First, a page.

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Frequent Nose-Picking Linked to Alzheimer’s Disease in New Study



Frequent Nose Picking Linked To Alzheimer's Disease In New Study

A recent study conducted by researchers at Western Sydney University has revealed a concerning link between frequent nose-picking and the development of Alzheimer's disease, a progressive form of dementia. The study, which reviewed numerous research papers, found that the act of picking one’s nose introduces harmful germs into the nasal cavity, triggering the brain to produce beta-amyloid proteins as a defense mechanism.

Beta-amyloid proteins are believed to be a leading cause of the neuroinflammation associated with Alzheimer’s disease. The researchers hypothesize that pathogens entering the brain through the olfactory system, as a result of nose-picking, may contribute to this inflammation.

Alzheimer’s disease affects millions of individuals worldwide, with the majority of cases occurring in individuals aged 65 and above. In the United States alone, according to the Mayo Clinic, around 6.5 million people aged 65 and above are affected by the disease. It is the most prevalent form of dementia, accounting for up to 70% of all dementia cases globally.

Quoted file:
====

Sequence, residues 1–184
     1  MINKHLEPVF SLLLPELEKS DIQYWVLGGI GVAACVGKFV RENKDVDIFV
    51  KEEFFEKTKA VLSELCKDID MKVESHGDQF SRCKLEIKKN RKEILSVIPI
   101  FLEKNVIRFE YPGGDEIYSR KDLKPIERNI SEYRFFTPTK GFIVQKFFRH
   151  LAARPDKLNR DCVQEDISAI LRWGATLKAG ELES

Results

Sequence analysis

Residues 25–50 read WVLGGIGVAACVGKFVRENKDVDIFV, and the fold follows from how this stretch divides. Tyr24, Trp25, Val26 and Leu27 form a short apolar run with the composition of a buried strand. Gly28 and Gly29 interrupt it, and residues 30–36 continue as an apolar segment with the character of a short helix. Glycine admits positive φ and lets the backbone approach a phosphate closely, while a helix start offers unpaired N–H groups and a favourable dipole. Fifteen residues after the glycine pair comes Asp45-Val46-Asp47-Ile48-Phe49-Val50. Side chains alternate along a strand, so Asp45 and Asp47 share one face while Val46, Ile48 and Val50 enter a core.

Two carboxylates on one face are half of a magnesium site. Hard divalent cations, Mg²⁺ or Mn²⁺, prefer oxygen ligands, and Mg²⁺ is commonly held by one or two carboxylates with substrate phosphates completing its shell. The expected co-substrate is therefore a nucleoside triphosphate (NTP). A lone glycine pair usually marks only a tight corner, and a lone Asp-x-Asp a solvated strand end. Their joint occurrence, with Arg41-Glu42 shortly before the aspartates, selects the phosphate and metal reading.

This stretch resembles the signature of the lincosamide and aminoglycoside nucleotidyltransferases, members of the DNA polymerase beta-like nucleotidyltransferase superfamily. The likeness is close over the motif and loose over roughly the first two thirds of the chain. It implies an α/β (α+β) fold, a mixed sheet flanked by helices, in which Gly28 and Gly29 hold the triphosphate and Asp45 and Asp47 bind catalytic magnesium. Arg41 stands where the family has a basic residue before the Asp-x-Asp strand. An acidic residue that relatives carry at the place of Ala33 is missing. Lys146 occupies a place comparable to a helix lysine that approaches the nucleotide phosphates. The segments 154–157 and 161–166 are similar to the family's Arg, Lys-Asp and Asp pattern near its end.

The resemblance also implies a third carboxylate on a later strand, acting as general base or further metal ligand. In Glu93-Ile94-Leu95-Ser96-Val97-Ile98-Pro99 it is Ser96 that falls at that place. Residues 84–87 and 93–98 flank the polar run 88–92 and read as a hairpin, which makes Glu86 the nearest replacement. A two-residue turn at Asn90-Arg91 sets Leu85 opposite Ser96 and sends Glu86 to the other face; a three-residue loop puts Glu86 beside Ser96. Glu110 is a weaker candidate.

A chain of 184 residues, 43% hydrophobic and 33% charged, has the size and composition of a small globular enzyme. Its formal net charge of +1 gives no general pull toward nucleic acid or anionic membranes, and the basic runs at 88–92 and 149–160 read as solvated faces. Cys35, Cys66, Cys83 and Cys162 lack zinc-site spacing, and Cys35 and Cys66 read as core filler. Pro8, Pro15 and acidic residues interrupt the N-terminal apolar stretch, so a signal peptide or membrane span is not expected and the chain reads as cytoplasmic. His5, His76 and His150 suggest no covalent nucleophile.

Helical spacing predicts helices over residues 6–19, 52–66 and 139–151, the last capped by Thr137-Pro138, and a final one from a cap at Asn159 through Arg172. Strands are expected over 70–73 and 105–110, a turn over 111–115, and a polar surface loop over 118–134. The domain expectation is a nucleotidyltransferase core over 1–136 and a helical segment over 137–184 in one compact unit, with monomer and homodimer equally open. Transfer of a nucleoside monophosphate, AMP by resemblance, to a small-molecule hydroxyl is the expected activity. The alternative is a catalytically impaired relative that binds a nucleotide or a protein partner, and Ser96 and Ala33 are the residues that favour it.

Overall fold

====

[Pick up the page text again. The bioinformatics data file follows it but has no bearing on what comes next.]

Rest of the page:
The exact causes of Alzheimer’s disease remain uncertain, but it is believed to result from a combination of age-related brain changes, genetic predispositions, environmental factors, and lifestyle choices, as suggested by the USA’s National Institute on Aging. While various lifestyle factors may contribute to the disease, the researchers caution against nose-picking due to the potential introduction of harmful germs to the brain.

Although nose-picking may provide temporary relief, removing dried mucus should not replace proper nasal hygiene, which involves regular cleaning and maintenance of the nasal passages through gentle methods like saline nasal rinses or blowing the nose. The importance of hand hygiene has been emphasized during the COVID-19 pandemic, and the research suggests that incorporating routine hygienic procedures, including regular handwashing, can help protect brain health and reduce the risk of Alzheimer’s disease.

Rachel Adams

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